The History of the First Mass Produced Comic Book

The Glasgow Looking Glass is believed to be the very first comic book in the world. It was published in Scotland nearly 200 years ago, in 1825. Over the years, comic strips such as DC Thompson Comic Strips and Beau Peep, one of the evergreen favorites, have been produced in Scotland.

It was a decade after the publication of The Glasgow Looking Glass that titles like Punch came into prominence.

Comic illustrations characteristically have been around since millennia. When we consider The Glasgow Looking Glass, it is the first comic book to be mass produced.

It was during the starting days of the industrial revolution that the comic book came into print. It was a time when the population of Glasgow had begun to rise. Newspapers were becoming more commonplace. The Glasgow Herald was first published in 1783.

So when The Glasgow Looking Glass was first published, they got scores of thousands of copies printed. Those were distributed in pub houses and the properties in and around Glasgow.

The name The Glasgow Looking Glass, stayed for five publications. It used to be a fortnightly magazine. Thereafter, the name was changed to The Northern Looking Glass. This was to bring in a national character for the publication.

The focus would lay over affectations that used to be during the days, eccentricities that prevailed across all levels of the society, politics and fashion.

The Northern Looking Glass finally halted publication on 3rd April 1826 with the publication of the final issue. The first one appeared on 11th June, 1825. Richard Griffin and Co. did come up with two more issues of the new series. But in June 1826, the publication was halted.

The publication genre associated with The Glasgow Looking Glass is topical graphic journalism, which used to prevail during those days. Through the 19th century, the genre stayed popular. A number of satirical publications, such as the aforementioned never lasted long. But Punch, a British weekly magazine that started out in 1841 came by as a national institution. The satirical themes of The Glasgow Looking Glass stayed over in Punch to an extent.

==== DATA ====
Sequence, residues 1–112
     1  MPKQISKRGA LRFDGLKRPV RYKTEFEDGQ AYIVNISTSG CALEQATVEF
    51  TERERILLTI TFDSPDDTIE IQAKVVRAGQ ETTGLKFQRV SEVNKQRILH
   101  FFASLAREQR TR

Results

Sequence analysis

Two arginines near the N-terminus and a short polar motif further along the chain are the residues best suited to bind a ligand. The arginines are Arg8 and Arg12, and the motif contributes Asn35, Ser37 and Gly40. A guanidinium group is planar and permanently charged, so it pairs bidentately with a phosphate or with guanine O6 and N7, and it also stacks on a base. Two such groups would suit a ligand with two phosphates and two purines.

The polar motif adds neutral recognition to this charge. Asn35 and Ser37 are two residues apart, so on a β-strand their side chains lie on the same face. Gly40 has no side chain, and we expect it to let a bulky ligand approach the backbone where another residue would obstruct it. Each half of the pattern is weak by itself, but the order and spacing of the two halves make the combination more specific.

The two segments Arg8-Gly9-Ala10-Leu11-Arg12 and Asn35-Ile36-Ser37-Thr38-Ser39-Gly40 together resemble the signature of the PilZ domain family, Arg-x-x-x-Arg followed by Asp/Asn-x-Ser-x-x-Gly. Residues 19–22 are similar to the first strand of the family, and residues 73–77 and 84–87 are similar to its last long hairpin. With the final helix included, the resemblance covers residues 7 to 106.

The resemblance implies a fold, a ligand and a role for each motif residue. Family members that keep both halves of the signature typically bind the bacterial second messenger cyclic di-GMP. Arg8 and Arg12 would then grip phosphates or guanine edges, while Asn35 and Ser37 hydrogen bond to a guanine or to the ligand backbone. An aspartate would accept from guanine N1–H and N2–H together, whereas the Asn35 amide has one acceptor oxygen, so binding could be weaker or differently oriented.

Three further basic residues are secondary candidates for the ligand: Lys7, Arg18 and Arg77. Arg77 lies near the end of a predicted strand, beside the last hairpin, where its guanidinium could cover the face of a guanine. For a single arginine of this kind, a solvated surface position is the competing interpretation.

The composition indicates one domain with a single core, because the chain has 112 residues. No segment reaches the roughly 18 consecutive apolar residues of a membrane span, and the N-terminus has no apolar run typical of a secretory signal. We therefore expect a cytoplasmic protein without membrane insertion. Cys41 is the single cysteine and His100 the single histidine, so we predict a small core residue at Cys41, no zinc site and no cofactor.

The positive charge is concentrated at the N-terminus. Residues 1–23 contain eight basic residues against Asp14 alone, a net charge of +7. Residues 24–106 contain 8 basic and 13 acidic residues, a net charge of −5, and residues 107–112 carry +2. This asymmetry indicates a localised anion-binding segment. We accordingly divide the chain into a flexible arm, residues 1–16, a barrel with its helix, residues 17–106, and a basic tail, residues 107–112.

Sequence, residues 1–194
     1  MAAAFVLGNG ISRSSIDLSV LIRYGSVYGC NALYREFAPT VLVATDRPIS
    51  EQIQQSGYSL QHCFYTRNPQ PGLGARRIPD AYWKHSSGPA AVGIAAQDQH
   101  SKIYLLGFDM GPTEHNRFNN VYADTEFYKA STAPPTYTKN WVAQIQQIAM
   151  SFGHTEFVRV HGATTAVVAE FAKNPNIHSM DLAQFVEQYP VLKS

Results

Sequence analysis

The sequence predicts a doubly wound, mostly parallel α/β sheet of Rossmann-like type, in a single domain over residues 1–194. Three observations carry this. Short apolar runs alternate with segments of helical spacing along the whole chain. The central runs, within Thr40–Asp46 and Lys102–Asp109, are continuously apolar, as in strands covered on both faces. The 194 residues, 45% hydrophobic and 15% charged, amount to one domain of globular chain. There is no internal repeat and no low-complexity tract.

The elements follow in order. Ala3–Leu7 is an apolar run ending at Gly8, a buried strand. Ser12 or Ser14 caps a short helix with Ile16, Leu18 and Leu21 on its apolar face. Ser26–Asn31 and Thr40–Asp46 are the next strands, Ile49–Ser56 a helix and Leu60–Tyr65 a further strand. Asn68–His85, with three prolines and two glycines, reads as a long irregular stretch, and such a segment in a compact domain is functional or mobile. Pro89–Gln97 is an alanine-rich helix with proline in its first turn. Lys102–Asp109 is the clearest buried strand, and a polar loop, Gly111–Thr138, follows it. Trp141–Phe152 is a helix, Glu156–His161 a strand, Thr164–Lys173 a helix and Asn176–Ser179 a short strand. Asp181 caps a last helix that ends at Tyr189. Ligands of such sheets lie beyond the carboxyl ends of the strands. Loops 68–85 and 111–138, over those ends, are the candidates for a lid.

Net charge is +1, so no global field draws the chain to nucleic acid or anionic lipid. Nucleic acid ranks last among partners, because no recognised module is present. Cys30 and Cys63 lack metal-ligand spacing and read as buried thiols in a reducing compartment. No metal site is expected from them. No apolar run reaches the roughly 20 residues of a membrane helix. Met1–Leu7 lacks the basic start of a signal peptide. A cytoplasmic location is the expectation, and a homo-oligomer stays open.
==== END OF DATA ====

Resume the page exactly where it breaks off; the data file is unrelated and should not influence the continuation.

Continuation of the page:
Facial features transform to a degree which seemed incomprehensible earlier. can work wonders for the appearance.

Review: Asterios Polyp by David Mazzucchelli

Before I get into this, the goal of this review is not to spoil anything, but I will not say that there is no spoilers to follow. I promise to not spoil any plot points, or to tell you the end, but I am going to get into my feelings on “Asterios Polyp”, so if you want to say totally clear minded on this book, do not read what is below.

There are a few comic creators that seem to only pop up every so often, lay out an amazing work, then go back to ground for a while. Creators like the late Will Eisner, or Blanket’s Craig Thompson come quickly to mind, but there are others, like the author of Asterios Polyp, David Mazzucchelli.

You may or may not remember David Mazzucchelli, artist of two of my all time favorite comic stories, “Batman: Year One,” and “Daredevil: Born Again” (both with writer Frank Miller.) These two stories came out in the mid 1980’s and soon there after, Mr. Mazzucchelli seemed to vanish, appearing here and there with a story, but for the most part he fell completely off the radar. Then earlier this month he put out the new graphic novel “Asterios Polyp”.

Asterios Polyp” is the story of a man by the same name, who is a renowned “paper architect” (meaning he has never actually built a building, just designed amazing works) and academic, whose life has recently changed. Asterios Polyp then embarks, after a well placed lightening bolt, to examine himself, where he has been, and where he is going all of which Mr. Mazzucchelli handles amazing skill.

While the story is a meditation on change, Mr. Mazzucchelli is using “Asterios Polyp” as a meditation on graphic storytelling. In fact it is Mr. Mazzucchelli’s skills as a storyteller which makes this book so amazingly good. He uses the art of this book to tell us as much about all the characters as their actions do. Each character has their own color pallets, and there own art style, and Mr. Mazzucchelli puts this all seamlessly on a page, making sure the reader only realizes these differences when he wants them to. In many ways it feels as if Mr. Mazzucchelli has thrown this book on a table and said, “here everyone, this is what you can do with graphic storytelling.” This polite slap in the face to all creator’s may be the most wonderful things about the book.

There is one other amazing thing about this book though, and that is Asterios Polyp himself. This curmudgeon of a man is almost instantly relatable, and his journey is one that anyone who has ever felt a moment of melancholy can relate with. The very personal moments, like when he admits that he has always felt like he is being watched, make the reader feel as if they are no longer reading a graphic novel, but rather are looking at a fellow person bearing their soul.

While the third act of the book falls some what short, seeming to offer very little resolution (though the argument can be made that life itself offers very little in the way of resolution), the storytelling of this piece more than makes up for it, and this is a must read for anyone who likes a good character study, or a masterfully crafted graphic novel, or both.